The Goodyear welt is a traditional method of construction for men’s dress shoes with an end product that is incredibly durable and easy to re-sole!
Charles Goodyear Jr. (the son of Charles Goodyear) invented the machinery for the Goodyear welt in 1869. The machine could quickly stitch the welt, upper, and soles, and soon replaced hand sewing in production. The welt is a strip of leather that sits between the insole and the upper of the shoe. It is stitched along the perimeter of the outsole*, making it easily replaceable and adding significantly to the lifespan of your shoes . Even though a Goodyear welt is one of the more time consuming, labor-intensive, and expensive of the traditional construction methods, it is still used by some traditional shoe manufacturers because of the integrity of the shoe.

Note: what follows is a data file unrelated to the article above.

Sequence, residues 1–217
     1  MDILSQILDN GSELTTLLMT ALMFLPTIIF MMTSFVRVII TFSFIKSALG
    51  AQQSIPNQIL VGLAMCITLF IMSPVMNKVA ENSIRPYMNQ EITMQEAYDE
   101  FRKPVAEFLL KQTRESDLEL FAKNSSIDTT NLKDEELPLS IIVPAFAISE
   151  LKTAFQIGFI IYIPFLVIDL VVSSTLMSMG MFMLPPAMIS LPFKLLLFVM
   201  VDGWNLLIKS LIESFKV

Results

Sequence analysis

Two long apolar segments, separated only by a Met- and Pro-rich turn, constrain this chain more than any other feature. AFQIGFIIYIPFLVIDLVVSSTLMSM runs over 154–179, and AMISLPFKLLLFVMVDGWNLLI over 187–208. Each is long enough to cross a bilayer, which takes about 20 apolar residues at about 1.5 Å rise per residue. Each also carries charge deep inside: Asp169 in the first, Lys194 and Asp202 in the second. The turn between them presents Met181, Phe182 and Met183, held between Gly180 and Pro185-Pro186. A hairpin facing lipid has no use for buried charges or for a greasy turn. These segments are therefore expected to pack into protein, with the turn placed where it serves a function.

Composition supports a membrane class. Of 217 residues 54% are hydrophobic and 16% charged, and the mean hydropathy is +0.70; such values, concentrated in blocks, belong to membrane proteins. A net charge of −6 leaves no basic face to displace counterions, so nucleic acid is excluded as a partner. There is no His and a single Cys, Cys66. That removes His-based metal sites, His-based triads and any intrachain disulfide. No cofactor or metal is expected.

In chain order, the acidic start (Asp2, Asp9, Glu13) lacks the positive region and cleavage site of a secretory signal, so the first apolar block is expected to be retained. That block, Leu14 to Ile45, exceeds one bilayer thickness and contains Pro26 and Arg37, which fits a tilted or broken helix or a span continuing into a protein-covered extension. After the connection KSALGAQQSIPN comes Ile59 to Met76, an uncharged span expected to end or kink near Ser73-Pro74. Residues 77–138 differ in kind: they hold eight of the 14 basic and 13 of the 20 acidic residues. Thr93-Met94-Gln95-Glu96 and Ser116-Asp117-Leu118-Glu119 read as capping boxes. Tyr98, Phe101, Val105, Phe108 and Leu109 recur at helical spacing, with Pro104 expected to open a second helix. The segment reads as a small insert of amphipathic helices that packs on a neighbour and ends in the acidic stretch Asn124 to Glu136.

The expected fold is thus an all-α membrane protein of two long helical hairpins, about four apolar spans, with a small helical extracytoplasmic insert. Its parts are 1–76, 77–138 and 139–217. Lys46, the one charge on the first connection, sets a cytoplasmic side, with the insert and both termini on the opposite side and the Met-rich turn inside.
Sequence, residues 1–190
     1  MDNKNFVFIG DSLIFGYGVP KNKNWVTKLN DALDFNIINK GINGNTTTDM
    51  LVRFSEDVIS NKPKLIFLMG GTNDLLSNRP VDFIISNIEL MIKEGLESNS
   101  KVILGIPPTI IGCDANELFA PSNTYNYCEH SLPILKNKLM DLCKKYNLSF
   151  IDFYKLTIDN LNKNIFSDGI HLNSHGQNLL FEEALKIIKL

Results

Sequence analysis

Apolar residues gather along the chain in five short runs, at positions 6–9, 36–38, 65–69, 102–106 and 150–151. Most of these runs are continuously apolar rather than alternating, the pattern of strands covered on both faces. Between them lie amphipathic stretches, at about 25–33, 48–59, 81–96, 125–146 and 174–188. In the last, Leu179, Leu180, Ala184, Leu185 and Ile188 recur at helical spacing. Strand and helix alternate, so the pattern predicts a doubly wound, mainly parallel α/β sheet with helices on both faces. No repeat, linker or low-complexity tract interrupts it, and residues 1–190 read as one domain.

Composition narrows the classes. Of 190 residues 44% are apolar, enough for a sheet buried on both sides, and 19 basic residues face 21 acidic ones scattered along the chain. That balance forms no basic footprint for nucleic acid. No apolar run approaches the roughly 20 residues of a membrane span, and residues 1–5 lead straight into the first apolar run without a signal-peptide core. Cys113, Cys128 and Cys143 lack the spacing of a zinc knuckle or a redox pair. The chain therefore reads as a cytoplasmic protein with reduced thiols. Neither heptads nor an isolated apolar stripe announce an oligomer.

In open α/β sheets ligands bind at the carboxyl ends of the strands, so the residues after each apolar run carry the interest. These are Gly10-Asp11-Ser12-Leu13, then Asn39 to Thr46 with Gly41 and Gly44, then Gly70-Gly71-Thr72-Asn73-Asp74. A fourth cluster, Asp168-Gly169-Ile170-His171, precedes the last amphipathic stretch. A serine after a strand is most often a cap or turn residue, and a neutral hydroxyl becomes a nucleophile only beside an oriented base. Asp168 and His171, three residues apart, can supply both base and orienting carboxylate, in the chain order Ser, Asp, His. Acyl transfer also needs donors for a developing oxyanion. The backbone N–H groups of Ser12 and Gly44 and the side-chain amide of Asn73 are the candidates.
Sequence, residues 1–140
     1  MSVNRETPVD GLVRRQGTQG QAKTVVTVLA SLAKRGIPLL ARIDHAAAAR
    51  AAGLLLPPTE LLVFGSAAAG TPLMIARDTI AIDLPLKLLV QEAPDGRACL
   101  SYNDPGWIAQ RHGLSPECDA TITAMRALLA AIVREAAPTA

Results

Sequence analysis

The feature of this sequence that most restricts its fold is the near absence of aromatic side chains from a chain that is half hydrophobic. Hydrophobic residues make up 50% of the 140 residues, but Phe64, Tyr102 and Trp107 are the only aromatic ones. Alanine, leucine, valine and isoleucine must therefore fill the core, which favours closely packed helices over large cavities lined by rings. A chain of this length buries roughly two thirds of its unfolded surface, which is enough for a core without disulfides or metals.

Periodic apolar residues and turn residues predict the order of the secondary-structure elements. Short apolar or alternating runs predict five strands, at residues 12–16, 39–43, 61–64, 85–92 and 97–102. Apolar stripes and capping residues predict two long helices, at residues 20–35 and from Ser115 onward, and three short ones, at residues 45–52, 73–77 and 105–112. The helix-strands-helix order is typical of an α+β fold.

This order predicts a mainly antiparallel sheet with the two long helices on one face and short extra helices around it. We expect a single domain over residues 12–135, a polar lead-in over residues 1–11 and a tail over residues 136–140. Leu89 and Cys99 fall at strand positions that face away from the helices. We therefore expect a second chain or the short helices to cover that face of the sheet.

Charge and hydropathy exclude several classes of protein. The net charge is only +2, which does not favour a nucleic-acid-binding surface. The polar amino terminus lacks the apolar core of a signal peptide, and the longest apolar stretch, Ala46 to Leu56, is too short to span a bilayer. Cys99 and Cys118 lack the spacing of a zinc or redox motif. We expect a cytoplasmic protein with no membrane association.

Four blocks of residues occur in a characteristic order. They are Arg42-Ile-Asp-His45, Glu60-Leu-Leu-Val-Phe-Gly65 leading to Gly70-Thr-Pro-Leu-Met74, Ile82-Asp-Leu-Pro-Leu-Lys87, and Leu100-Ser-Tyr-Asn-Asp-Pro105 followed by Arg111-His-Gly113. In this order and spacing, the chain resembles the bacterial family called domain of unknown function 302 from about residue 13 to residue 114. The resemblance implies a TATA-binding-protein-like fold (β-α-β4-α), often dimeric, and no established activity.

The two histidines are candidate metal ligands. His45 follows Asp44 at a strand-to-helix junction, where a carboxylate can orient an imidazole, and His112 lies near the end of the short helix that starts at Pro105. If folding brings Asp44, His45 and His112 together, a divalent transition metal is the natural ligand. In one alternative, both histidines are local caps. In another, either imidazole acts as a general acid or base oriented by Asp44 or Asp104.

*The outsole: The material on the bottom and exterior of the sole. The part of the shoe that comes into contact with the ground.
See all the Goodyear Welted Fluevogs.